December 5, 2013
STATE OF IOWA, Plaintiff-Appellee,
LEWIS EDWARD MADISON JR., Defendant-Appellant.
Appeal from the Iowa District Court for Polk County, Richard G. Blane II (trial) and Glenn E. Pille (sentencing), Judges.
Defendant appeals the court's sentencing order.
Mark C. Smith, State Appellate Defender, and Melinda J. Nye, Assistant State Appellate Defender, for appellant.
Thomas J. Miller, Attorney General, Sheryl A. Soich, Assistant Attorney General, John P. Sarcone, County Attorney, and Steven Foritano, Assistant County Attorney, for appellee.
Considered by Potterfield, P.J., and Mullins and Bower, JJ.
Lewis Edward Madison Jr. appeals the district court's imposition of consecutive sentences. Finding no abuse of discretion, we affirm.
I. Background Facts and Proceedings.
Sixty-four-year-old Madison was friends with the father of thirteen-year-old M.H. In December 2010 and January 2011, after M.H.'s father drank to the point of passing out, Madison had sexual relations with M.H. on separate occasions several weeks apart.
The State charged Madison with four counts of sexual abuse in the third degree. See Iowa Code § 709.4(2)(b) (2011) ("The other person is . . . thirteen years of age, "). The State also alleged Madison would be subject to sentencing enhancements due to a prior conviction for a sexually predatory offense. Prior to trial, the State and Madison agreed that if he submitted to a bench trial on a stipulated record, the State would drop the fourth count and the sentencing enhancements. Pursuant to the agreement, a contested bench trial occurred in October 2012.
In November 2012 the court found Madison "did perform three separate sex acts on M.H." and found him guilty on all three counts. The court ordered a presentence investigation report (PSI). The completed PSI noted Madison's prior conviction for third-degree sexual abuse of "a thirteen-year-old female." The PSI recommended incarceration but did not address consecutive or concurrent sentences.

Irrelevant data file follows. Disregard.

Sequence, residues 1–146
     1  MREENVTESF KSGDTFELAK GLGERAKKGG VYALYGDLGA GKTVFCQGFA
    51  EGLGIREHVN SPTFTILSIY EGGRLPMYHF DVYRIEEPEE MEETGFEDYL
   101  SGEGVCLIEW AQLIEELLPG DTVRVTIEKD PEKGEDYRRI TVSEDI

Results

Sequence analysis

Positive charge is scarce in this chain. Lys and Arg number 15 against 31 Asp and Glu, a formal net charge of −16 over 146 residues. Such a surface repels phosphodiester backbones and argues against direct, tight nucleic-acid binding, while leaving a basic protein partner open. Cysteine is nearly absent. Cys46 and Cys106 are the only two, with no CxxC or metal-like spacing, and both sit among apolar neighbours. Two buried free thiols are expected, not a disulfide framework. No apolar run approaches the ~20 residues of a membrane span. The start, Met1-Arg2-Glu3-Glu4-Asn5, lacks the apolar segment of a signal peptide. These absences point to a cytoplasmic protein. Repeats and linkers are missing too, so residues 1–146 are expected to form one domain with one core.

At the sentencing hearing, the State urged the court to impose consecutive sentences, and defense counsel argued the court should impose concurrent sentences. The court ordered the three sentences to "run consecutive to each other for a total term not to exceed thirty years." This appeal followed.
II. Scope and Standards of Review.
We review sentences for correction of errors at law. State v. Grandberry, 619 N.W.2d 399, 401 (Iowa 2000). When, as here, a sentence does not fall outside statutory limits, we will overturn the sentence only "for an abuse of discretion or the consideration of inappropriate factors." State v. Formaro, 638 N.W.2d 720, 724 (Iowa 2002). Sentencing decisions are cloaked with a strong presumption in their favor. Grandberry, 619 N.W.2d at 401. Our "task on appeal is not to second guess the decision made by the district court, but to determine if it was unreasonable or based on untenable grounds." Formaro, 638 N.W.2d at 725. A sentence will not be upset on appeal unless the defendant demonstrates there is no support for the decision in the evidence. State v. Valin, 724 N.W.2d 440, 445 (Iowa 2006).